1. Introduction and Overview
- The scope of administrative law
- The constitutional foundations of administrative law
2. Substantive Review of Administrative Action
- Jurisdiction and Jurisdictional Error
- Discretionary Power and Abuse of Discretion
3. Procedural Fairness in Administrative Action
- The legal basis for the requirement of procedural fairness
- Common Law
- Charter of Rights
- Audi Alteram Partem
- Bias and Lack of Independence
- The elements of procedural fairness
4. Forms of Review of Administrative Action
- Statutory Appeals
- Judicial Review
- Role of the Ombudsman
- Limits on Review
5. Administrative Law in Practice
- Human Rights Law
- Immigration Law
The following methods of instruction will be utilized:
- Class discussions
Evaluation will be based upon the course objectives and will be carried out in accordance with Douglas College policies. The instructor will provide a written course outline with specific evaluation criteria at the beginning of the course. Evaluation will be based upon the following:
- Research paper or other written assignment
- Class attendance and participation
An example of one possible evaluation scheme would be:
|Class attendance and participation||10%|
At the conclusion of this course the successful student will be able to:
- Describe the role of administrative law in relation to the exercise of governmental authority.
- Describe the constitutional foundations of administrative law.
- Identify and describe the legal sources of the requirement for procedural fairness in governmental decision making.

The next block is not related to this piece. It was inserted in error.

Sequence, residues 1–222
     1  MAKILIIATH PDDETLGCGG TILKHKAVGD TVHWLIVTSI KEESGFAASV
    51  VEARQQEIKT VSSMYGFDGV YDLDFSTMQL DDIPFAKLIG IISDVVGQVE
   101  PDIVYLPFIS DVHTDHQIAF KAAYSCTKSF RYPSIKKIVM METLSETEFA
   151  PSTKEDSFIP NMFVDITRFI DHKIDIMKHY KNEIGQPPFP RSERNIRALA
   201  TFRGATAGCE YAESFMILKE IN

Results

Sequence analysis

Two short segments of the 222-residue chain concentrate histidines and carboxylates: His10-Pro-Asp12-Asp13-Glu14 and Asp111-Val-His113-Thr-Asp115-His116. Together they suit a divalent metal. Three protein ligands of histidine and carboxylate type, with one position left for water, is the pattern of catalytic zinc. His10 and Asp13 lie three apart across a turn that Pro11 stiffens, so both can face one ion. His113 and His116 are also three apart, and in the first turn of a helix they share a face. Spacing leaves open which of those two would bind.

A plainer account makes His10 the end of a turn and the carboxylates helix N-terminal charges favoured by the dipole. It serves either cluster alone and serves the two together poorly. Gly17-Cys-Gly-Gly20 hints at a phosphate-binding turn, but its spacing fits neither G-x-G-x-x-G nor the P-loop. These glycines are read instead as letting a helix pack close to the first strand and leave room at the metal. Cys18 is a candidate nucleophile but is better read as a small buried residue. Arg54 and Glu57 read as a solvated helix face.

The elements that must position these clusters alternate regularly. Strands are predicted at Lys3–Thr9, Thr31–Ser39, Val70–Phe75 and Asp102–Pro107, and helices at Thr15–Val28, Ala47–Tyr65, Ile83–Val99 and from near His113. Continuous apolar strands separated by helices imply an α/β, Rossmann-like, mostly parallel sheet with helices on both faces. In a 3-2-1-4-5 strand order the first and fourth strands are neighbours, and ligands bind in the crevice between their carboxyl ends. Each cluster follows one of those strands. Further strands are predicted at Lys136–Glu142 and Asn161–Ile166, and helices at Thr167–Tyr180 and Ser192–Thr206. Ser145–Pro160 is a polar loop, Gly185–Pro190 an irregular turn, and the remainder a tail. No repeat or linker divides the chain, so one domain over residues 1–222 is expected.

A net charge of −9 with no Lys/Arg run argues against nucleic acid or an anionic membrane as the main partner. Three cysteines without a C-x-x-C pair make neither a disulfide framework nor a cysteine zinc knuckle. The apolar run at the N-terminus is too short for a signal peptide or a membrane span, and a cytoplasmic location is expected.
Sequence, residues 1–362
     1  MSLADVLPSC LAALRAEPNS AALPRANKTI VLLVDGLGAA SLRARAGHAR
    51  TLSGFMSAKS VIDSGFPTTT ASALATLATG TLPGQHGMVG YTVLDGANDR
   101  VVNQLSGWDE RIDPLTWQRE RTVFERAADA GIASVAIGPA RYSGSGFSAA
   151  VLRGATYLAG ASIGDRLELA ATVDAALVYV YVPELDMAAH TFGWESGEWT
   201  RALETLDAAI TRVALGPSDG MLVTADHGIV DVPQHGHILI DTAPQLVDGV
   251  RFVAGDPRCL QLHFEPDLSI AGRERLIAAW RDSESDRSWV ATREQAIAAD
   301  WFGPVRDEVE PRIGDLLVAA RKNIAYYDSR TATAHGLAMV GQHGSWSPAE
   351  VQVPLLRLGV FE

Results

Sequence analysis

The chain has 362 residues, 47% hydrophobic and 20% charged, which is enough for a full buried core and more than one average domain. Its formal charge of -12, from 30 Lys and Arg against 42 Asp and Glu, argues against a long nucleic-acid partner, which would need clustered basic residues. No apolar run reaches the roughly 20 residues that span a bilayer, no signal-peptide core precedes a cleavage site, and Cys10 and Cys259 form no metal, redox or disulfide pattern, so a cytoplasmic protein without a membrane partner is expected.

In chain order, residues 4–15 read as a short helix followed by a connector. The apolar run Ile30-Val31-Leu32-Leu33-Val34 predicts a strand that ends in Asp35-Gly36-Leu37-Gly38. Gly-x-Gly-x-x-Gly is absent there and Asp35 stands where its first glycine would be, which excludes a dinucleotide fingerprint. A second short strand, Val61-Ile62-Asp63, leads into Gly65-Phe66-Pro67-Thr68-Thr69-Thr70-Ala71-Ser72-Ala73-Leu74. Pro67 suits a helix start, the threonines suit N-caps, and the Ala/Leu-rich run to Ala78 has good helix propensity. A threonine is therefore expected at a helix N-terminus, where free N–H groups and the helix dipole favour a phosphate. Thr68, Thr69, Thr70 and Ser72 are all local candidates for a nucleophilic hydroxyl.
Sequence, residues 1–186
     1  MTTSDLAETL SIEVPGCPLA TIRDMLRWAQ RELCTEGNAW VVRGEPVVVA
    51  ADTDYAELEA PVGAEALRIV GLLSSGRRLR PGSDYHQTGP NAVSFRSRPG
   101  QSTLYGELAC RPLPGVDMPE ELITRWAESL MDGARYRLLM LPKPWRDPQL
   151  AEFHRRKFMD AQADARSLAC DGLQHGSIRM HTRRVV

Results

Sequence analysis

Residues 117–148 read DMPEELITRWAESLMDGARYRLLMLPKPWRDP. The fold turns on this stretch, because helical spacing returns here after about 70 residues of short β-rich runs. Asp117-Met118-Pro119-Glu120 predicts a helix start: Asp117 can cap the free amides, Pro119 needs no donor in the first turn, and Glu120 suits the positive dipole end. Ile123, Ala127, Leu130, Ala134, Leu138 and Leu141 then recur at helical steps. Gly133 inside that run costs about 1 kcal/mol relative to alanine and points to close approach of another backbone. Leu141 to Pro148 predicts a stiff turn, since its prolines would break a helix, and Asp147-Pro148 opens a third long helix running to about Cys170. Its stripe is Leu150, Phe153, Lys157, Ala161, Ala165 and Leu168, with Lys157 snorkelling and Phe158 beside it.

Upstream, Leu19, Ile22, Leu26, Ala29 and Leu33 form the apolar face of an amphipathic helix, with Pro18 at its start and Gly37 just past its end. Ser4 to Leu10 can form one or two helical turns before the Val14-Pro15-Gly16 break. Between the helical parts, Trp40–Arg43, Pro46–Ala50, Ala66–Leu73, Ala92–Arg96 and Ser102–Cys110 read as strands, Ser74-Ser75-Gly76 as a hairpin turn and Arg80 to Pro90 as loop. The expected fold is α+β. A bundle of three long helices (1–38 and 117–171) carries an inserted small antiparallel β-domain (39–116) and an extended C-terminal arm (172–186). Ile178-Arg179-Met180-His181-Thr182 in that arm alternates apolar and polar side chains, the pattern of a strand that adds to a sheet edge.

- Describe the general requirements of procedural fairness, and explain the differing standards of procedural fairness in different decision-making contexts.
- Explain the importance of jurisdiction in administrative law.
- Describe the role of privative clauses, the concept of patent unreasonableness, and the relationship between them.
- Identify and describe the different forms of review of administrative action.
- Describe and explain the tension that exists between legislatures and courts in the context of judicial review of administrative action.
- Identify and describe the remedies available in administrative law and the circumstances in which remedies may be refused.
- Identify and describe discrete areas of substantive law where administrative law principles play a central role, including immigration law, human rights law, labour and employment law, and social welfare law.
- Read statute and case law critically and with good comprehension.
- Apply administrative law principles to real and hypothetical situations involving conflict over administrative action.
Textbooks and Materials to be Purchased by Students
Mullan, David J. Administrative Law, Toronto: Irwin Law. Current Edition.
The text will be supplemented by legislation and more recent case law which are available online.
Course Guidelines for previous years are viewable by selecting the version desired. If you took this course and do not see a listing for the starting semester / year of the course, consider the previous version as the applicable version.
These are for current course guidelines only. For a full list of archived courses please see https://www.bctransferguide.ca
|Institution||Transfer Details for LGST 2220|
|Capilano University (CAPU)||CAPU LAW 2XX (3)|
|Langara College (LANG)||LANG CRIM 2XXX (3)|
|Simon Fraser University (SFU)||SFU CRIM 1XX (3)|
|Thompson Rivers University (TRU)||TRU SOCI 2XXX (3)|
|Trinity Western University (TWU)||TWU GENS 2XX (3)|
|University of British Columbia - Okanagan (UBCO)||No credit|
|University of British Columbia - Vancouver (UBCV)||No credit|
|University of Northern BC (UNBC)||UNBC HUMN 2XX (3)|
|University of the Fraser Valley (UFV)||UFV CRIM 1XX (3)|
|University of Victoria (UVIC)||UVIC HUMA 2XX (1.5)|
|Vancouver Island University (VIU)||VIU CRIM 1st (3)|
LGST 2220 001 - See Criminology (CRIM) for other university transferable law and legal system courses.